In 1776 two Franciscan missionaries, Silvestre Velez de ESCALANTE and Francisco Atanasis Dominguez, led an expedition into the “Northern Mystery” in order to establish a road from Santa Fe to the Spanish missions in California. By the mid-1820s, fur trappers and traders, including William Henry ASHLEY, James BRIDGER, and Jedediah Strong SMITH, had arrived; two other traders, Peter Skene Ogden and Etienne Provost, have given their names to Utah’s second and third largest cities, Ogden and Provo.
In 1843-44, John C. FREMONT, of the U.S. Army Topographical Engineers, conducted the first scientific survey of the Great Basin. Also during the 1840s several parties of settlers traversed northern Utah on their way to California. The Bartleson-Bidwell party of emigrants made their journey in 1841, crossing the Great Basin on the famous Overland Trail. In 1846 the ill-fated DONNER PARTY blazed the first trail through Emigration Canyon–the same route followed a year later by the Mormon pioneers.
The next chapter in Utah’s history began at Carthage, Ill., on June 27, 1844, when Joseph SMITH, the founder of Mormonism, and his brother Hyrum were taken from jail and shot by a hostile mob. Persecution of Smith’s followers–called Mormons–continued, and in the spring of 1847 most of them headed west, led by Brigham YOUNG. The first pioneers entered the Great Salt Lake valley in July 1847, and other companies arrived soon after.
When the Mormons came to Utah, it still belonged to Mexico. A year later, at the conclusion of the Mexican War, it became part of the United States, and in 1849 the Mormons established the State of Deseret (a name from the Book of Mormon meaning “honeybee” and signifying industriousness) and requested admission to the Union. Congress, however, refused to recognize Deseret–which stretched from Oregon to Mexico and as far west as the Sierra Nevada–and instead created the Territory of Utah, covering a much smaller area, with Brigham Young as governor.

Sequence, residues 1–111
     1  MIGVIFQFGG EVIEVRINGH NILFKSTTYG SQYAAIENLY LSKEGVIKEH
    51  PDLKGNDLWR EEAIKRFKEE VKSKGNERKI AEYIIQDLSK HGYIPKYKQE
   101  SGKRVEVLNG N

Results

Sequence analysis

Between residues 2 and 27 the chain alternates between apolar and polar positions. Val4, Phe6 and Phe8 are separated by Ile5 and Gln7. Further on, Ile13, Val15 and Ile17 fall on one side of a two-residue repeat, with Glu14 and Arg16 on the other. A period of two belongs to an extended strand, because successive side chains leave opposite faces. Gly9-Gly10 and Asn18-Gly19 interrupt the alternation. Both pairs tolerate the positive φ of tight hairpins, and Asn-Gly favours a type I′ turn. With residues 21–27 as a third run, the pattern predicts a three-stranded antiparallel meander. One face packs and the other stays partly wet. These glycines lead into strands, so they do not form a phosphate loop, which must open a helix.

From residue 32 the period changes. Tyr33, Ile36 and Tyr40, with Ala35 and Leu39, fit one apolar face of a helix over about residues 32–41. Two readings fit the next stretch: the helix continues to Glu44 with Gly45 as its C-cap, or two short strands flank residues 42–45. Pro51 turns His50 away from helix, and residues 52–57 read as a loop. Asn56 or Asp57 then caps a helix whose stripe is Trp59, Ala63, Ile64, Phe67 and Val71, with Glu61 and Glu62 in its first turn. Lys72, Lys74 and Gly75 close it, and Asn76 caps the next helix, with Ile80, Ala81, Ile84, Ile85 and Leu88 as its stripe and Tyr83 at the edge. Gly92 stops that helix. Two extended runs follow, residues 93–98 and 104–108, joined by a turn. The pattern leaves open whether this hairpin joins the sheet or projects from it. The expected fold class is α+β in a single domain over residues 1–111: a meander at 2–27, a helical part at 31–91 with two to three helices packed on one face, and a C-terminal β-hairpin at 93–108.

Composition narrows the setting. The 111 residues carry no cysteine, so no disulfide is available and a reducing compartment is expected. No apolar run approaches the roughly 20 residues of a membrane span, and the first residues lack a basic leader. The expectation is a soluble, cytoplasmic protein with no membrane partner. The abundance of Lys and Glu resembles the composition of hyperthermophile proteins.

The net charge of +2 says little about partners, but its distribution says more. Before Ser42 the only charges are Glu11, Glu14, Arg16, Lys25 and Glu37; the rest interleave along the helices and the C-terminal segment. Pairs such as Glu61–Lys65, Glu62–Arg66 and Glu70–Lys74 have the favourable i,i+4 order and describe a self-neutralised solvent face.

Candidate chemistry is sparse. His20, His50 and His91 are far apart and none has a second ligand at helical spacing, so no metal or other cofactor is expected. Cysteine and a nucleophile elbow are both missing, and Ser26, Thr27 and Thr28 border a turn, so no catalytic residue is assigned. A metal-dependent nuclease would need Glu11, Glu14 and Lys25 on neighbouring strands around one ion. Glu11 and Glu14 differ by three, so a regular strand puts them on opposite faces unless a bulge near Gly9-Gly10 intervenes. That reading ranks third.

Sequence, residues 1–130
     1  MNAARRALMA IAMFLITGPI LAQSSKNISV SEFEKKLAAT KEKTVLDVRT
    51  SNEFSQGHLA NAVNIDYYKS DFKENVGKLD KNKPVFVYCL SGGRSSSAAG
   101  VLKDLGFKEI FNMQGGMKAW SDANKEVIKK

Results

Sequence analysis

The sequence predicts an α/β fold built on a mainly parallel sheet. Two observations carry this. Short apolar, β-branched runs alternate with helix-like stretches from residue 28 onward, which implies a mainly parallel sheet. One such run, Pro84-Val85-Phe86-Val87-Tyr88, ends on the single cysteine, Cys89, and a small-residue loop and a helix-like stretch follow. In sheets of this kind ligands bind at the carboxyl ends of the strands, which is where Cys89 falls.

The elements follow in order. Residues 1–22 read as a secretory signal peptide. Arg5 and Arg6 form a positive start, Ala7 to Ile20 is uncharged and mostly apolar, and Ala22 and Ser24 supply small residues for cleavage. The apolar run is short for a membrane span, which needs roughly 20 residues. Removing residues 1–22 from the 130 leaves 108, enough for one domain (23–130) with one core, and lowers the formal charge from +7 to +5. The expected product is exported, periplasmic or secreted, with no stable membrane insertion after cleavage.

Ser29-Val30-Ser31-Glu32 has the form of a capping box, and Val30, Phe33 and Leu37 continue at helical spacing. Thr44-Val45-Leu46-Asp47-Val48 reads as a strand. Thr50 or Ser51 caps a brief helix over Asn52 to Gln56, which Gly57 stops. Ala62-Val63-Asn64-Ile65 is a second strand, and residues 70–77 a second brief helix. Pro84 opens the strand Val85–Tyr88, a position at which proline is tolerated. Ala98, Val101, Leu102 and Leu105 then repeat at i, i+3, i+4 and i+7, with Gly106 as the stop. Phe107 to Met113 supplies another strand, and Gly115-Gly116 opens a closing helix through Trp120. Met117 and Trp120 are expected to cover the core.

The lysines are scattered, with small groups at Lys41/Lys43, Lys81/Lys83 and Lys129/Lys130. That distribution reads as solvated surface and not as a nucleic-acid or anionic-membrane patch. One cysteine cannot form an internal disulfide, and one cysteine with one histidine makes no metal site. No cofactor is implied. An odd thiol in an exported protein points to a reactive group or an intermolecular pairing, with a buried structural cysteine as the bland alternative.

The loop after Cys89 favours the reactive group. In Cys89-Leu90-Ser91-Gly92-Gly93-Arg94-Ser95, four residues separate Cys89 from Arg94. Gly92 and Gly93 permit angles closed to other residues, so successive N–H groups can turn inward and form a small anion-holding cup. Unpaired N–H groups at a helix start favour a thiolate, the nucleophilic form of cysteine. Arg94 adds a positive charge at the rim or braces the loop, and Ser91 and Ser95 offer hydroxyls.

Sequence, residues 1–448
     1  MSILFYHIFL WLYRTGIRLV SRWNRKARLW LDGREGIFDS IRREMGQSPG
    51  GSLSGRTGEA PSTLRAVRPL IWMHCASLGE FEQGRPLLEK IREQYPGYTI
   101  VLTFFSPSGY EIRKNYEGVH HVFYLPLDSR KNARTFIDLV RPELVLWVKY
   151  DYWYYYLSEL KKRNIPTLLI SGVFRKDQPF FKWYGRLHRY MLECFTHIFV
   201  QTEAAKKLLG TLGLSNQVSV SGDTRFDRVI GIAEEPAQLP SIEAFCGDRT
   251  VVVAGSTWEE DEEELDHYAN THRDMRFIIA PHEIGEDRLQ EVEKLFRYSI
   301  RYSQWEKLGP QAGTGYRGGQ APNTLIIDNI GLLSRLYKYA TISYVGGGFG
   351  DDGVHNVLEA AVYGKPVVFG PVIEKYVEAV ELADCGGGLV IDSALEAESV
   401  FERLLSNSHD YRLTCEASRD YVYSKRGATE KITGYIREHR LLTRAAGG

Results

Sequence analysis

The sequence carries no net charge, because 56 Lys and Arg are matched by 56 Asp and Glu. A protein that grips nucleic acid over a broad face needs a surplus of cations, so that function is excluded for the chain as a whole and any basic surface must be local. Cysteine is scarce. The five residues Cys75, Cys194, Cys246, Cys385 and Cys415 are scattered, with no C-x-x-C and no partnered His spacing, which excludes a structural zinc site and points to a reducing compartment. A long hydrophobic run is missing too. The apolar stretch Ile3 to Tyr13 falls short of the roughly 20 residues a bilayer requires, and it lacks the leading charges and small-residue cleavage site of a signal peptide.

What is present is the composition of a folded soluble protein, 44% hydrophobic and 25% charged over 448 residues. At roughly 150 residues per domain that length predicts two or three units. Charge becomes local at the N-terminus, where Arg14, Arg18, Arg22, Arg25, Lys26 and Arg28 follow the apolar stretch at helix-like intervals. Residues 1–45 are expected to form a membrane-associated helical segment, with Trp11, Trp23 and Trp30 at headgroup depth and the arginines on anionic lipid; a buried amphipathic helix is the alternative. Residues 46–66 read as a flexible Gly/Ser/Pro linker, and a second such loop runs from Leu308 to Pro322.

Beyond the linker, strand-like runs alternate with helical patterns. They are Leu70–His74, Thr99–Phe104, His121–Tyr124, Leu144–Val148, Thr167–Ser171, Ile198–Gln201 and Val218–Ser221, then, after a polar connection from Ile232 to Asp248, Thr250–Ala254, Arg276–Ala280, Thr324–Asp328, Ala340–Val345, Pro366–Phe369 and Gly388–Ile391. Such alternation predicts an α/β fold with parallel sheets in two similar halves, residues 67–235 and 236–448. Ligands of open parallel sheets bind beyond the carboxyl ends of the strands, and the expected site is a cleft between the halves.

Soon conflicts broke out between the Indians, especially the Ute, and the new settlers. Intermittent fighting continued until 1867, when the Ute settled on a reservation.
Before long, antagonisms developed between Utah and the federal government, which opposed the Mormon practice of polygamy. During the Utah War (1857-58), President James Buchanan sent troops to Utah, along with a new governor. During this period of tension and resentment, a party of Mormons led by John Doyle LEE attacked a group of non-Mormons traveling through the territory in the so-called MOUNTAIN MEADOWS MASSACRE (September 1857). The territory continued to make requests for statehood, but Congress always refused, until 1896, six years after the Mormons renounced their practice of polygamy.
The completion of the transcontinental railroad in 1869 brought new settlers–many of them non-Mormon–and a boom in both agriculture and industry. Silver, gold, lead, and zinc were discovered, and large-scale copper production began in 1907. Soon several new irrigation projects, notably that on Strawberry River (1913), brought thousands of hectares of additional land under cultivation.
The two world wars stimulated mining and manufacturing, and by the early 1960s, Utah was no longer primarily an agricultural state. Hydroelectric projects such as those at Flaming Gorge and Glen Canyon dams (1964) also encouraged industrial growth and urbanization. During the 1980s service industries and tourism expanded, broadening Utah’s economic base.
- Area: 219,901 sq km (84,904 sq mi); rank: 11th.
- Capital and largest city: Salt Lake City (1990 census, 159,936).
- Counties: 29.
- Elevations: highest–4,123 m (13,528 ft), at Kings Peak; lowest–610 m (2,000 ft), at Beaverdam Wash (creek).